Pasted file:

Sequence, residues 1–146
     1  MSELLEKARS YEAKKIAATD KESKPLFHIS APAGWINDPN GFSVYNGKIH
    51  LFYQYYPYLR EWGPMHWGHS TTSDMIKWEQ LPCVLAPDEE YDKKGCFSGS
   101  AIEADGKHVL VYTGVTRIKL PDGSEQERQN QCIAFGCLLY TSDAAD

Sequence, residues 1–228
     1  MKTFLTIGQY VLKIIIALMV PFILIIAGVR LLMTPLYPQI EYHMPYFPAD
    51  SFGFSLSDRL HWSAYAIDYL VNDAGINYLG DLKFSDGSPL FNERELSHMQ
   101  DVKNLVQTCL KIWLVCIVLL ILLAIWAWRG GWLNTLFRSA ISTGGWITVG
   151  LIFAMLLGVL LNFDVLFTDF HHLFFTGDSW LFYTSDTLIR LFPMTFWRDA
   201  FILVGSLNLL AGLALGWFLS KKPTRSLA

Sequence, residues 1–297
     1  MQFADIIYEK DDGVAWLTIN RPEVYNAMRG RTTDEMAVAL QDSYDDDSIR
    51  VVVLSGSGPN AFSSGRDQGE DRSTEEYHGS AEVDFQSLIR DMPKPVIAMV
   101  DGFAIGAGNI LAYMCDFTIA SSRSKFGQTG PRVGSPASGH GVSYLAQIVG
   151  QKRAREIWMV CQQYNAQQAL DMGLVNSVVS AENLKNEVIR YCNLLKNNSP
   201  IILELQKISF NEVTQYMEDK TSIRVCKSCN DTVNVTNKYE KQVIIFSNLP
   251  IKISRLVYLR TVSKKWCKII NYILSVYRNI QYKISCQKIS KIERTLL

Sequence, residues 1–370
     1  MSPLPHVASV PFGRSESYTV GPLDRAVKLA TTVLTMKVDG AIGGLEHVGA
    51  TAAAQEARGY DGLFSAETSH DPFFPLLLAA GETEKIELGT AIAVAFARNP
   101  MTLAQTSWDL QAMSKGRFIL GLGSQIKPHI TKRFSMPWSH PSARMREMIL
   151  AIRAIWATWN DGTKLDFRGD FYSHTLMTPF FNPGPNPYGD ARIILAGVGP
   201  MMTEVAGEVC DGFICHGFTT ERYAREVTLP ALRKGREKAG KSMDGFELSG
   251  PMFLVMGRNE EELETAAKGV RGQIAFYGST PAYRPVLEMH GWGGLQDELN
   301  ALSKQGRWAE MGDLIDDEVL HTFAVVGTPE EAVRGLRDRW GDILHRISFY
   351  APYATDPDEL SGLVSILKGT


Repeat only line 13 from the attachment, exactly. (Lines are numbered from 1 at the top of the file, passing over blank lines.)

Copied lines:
    51  VVVLSGSGPN AFSSGRDQGE DRSTEEYHGS AEVDFQSLIR DMPKPVIAMV